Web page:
Lately, I have been reviewing Carol Dweck's work on one's belief about intelligence and its consequent effects on learning. Dweck is a professor at Stanford University, a social psychologist, and the author of Mindset: The New Psychology of Success
. In this recent book, based on her past 20 years research on belief, motivation, and achievement, Dweck discusses two mindsets that people generally have: a fixed mindset and a growth mindset.
People with fixed mindsets believe that intelligence is fixed and finite. They are afraid of challenges and mistakes. They tend to avoid challenges and refuse opportunities to learn due to the possibility of failure.
People with growth mindsets, on the other hand, believe that intelligence can be developed and improved through hard working over time. They like challenges and welcome mistakes for those give them chances to learn things they are not yet good at.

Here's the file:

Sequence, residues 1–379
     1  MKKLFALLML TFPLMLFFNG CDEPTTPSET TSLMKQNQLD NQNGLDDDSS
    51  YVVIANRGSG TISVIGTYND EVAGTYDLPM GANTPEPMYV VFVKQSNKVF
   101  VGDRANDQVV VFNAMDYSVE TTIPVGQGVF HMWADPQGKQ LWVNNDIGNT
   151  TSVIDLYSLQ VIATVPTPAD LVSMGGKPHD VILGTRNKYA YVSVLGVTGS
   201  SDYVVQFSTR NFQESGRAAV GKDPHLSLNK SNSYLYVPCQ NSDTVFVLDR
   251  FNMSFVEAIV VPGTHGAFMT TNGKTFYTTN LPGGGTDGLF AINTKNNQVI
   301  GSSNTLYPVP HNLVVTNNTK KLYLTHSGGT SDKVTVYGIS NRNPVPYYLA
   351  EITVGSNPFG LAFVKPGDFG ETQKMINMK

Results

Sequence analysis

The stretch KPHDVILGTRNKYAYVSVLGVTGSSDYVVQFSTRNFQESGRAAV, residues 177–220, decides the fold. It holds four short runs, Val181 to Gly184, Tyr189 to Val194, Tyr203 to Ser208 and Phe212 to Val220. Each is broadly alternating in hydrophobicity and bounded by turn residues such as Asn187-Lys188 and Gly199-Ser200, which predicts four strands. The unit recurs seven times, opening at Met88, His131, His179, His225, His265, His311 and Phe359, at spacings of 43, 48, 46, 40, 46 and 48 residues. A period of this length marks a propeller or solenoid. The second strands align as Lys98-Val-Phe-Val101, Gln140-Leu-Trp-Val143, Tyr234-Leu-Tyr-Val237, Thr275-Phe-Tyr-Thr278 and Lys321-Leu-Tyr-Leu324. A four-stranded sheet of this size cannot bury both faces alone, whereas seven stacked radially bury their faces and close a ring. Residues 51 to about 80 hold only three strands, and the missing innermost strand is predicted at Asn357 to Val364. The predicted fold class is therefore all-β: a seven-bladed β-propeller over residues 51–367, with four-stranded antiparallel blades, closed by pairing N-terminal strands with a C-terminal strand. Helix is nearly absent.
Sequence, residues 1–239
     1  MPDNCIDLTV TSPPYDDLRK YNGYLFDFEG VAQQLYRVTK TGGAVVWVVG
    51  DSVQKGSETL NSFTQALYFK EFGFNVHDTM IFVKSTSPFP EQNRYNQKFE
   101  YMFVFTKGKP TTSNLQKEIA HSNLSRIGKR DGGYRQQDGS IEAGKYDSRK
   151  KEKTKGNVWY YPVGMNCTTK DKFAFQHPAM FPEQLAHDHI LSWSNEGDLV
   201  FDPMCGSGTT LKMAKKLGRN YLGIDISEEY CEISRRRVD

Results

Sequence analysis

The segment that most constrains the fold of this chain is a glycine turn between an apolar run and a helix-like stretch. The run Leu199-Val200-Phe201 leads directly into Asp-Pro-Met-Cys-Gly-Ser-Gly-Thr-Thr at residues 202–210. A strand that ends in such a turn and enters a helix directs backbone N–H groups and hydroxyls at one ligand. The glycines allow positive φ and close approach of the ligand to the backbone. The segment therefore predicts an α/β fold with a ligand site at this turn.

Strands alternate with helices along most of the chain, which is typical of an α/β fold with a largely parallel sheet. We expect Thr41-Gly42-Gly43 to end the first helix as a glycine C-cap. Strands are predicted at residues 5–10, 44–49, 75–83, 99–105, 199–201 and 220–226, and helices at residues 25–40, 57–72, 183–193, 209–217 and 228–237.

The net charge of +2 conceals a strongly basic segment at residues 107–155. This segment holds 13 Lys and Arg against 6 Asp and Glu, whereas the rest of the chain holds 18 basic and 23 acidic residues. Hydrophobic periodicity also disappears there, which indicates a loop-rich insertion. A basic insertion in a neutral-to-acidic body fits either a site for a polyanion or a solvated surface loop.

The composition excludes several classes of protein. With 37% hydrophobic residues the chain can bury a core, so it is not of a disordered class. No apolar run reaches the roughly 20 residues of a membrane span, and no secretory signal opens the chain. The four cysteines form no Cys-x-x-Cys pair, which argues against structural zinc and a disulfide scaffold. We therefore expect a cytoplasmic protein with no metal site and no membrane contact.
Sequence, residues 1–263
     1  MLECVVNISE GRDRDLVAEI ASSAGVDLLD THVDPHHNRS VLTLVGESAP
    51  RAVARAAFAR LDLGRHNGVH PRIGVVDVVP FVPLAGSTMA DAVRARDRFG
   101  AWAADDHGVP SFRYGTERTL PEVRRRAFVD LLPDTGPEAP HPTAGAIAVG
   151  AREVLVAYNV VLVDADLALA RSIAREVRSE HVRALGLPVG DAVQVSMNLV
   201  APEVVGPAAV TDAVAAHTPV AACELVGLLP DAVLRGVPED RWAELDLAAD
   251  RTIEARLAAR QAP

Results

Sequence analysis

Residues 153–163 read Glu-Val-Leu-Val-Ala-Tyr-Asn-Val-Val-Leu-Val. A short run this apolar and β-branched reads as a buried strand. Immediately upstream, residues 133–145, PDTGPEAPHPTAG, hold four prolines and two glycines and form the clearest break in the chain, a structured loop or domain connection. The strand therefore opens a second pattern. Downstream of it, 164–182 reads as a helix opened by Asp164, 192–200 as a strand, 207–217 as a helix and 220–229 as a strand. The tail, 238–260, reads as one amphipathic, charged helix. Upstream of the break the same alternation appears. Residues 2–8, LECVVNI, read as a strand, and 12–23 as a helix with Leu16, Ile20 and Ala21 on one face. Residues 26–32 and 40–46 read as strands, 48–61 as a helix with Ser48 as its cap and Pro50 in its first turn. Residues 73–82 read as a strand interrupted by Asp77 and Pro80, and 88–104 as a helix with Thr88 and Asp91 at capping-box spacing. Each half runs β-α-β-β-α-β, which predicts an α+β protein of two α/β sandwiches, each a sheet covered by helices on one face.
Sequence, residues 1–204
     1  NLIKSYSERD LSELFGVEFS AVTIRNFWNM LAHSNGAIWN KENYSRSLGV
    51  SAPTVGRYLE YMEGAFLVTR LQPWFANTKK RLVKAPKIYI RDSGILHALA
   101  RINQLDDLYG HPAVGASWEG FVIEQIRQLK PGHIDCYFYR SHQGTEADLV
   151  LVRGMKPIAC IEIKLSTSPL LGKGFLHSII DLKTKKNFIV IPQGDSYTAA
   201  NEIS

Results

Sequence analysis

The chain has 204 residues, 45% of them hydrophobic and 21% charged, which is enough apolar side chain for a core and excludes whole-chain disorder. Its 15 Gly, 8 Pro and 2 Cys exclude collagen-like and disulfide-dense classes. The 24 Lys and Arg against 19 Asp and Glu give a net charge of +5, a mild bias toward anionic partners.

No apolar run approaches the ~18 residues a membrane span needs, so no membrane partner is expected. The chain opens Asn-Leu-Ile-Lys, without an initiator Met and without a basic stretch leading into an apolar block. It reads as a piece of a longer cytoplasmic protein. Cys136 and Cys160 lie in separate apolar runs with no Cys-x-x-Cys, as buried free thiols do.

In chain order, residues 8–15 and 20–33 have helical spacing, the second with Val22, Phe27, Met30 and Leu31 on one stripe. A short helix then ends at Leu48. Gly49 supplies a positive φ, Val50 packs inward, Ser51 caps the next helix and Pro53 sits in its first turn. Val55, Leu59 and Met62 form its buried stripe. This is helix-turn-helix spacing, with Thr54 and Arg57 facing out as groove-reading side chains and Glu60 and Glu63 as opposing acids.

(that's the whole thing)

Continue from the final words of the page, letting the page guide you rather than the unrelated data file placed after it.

If one of our goal as educators is to create independent learners who love learning, possess resilience, and not be afraid of mistakes, we need to learn how to help our students develop a growth mindset. In addition to strategic feedback and explicit instruction which Dweck suggests in her book, storytelling, modeling, carefully designed questions (Peter Johnston), and reflections (Peter Heslin) are proposed by other researchers in the field.
I am especially interested in storytelling as an approach to teach value and belief. I always find myself motivated after reading or listening to others' encouraging stories. Though I can find many examples showing that people are influenced by others' stories (the most recognized one might be Bible), I can't find relevant theories to explain it yet. Need to do more work...